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Asia Insight

RCEP: Asia races against clock to save trade deal of the decade

Japan-South Korea rift and India-China rivalry complicate talks

BANGKOK/NEW DELHI -- When the clock struck 9 a.m. in Bangkok on Sept. 8, ministers from 16 countries were supposed to sit down to hammer out details of the world's biggest trade deal -- the Regional Comprehensive Economic Partnership.

Thailand, as the chair of this year's Association of Southeast Asian Nations meetings, was eager to make tangible progress so that an agreement can be signed at the ASEAN Summit in November. But even though there was no time to waste, the meeting was delayed for more than five hours because the attendees were busy doing one thing: persuading India.

"There were some issues that some of the RCEP members, particularly India, did not completely agree to go on, and we needed a few more hours to lobby," a Thai official said.

Those extra hours came after years of haggling. The RCEP talks were announced at the ASEAN Summit in 2012 and began in 2013, bringing the Southeast Asian bloc's 10 members to the table with China, Japan, South Korea, India, Australia and New Zealand. Together, they would make up the world's largest free trade partnership, encompassing over 3.5 billion people and about one-third of global gross domestic product -- surpassing the European Union and the North American Free Trade Agreement.

It was slow going early on, but momentum picked up in 2018 as U.S. President Donald Trump waged his tariff war with China and RCEP participants began to see themselves as standard-bearers for free trade.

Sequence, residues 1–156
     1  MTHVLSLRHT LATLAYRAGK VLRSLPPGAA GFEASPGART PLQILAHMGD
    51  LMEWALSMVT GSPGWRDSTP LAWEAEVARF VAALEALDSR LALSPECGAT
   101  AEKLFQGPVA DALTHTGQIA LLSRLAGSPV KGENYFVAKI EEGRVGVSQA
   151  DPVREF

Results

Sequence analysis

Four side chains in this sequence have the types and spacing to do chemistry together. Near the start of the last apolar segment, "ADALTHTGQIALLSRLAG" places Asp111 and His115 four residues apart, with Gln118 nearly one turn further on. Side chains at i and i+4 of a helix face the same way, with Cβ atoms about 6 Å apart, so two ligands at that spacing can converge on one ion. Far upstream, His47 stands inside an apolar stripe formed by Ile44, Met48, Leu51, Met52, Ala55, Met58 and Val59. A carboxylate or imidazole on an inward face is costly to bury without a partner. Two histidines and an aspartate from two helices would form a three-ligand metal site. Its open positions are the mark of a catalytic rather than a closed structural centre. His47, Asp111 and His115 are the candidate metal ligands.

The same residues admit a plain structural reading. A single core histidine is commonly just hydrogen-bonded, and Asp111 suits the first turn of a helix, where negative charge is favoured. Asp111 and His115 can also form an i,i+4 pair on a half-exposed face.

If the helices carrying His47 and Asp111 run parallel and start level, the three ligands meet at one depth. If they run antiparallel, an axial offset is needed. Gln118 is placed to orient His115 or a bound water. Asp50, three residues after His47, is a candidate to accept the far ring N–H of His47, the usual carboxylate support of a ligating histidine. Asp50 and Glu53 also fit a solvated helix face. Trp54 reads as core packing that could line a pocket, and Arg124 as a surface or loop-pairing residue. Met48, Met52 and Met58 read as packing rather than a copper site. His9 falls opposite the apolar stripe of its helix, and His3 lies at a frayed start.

Yet, the window of opportunity may be closing as quickly as it opened.

Singapore, Japan and other parties had hoped to reach a "substantial conclusion" by the end of 2018. The city-state, last year's ASEAN chair, was especially keen to seal an RCEP deal given its dependence on trade.

India's reluctance to open up its market stood in the way. One participant in a ministerial meeting held last November in Singapore said the Indian delegation cited domestic politics -- the country was headed for general elections in 2019 -- and urged careful wording in the ministers' statement.

The last thing Prime Minister Narendra Modi wanted to do was alienate farmers, manufacturers and other groups months before the vote. India's trade deficit with China reached about $54 billion for the fiscal year ended March 2019, and lowering tariffs would only bring more Chinese products.

The RCEP participants decided to defer the conclusion of an agreement to 2019.

Since then, Modi won his election handily, but India's stance has not changed much.

India not only runs a trade deficit with China but it believes the deficit "is a result of unfair, restricted market access," External Affairs Minister S. Jaishankar said during a panel discussion at the India-Singapore Business & Innovation Summit on Sept. 9. "So, it's not really comparative advantages playing out, it's actually Chinese protectionist policies which have created that outcome."

Opposition to RCEP tariff elimination is widespread across Indian industry -- iron and steel mills, dairy farms, pharmaceutical companies and textile makers.

Shamshad Khan, a visiting associate fellow at the New Delhi-based Institute of Chinese Studies, suggested India's experience with FTAs in general has been an unhappy one.

"The statistics of bilateral trade with Japan, Malaysia, Singapore, et cetera, with which India has signed FTAs, suggest that the trade balance has grown in partners' favor," Khan, said. "This has created discontent among some domestic circles, [which] have suggested to the Indian government to revisit the FTAs as well as give a pause to the ongoing negotiations of similar [nature]."

He added, "Similar concerns have been raised about the RCEP."

Indian Prime Minister Narendra Modi and Chinese President Xi Jinping in April 2018: Their governments are at odds over RCEP.   © Reuters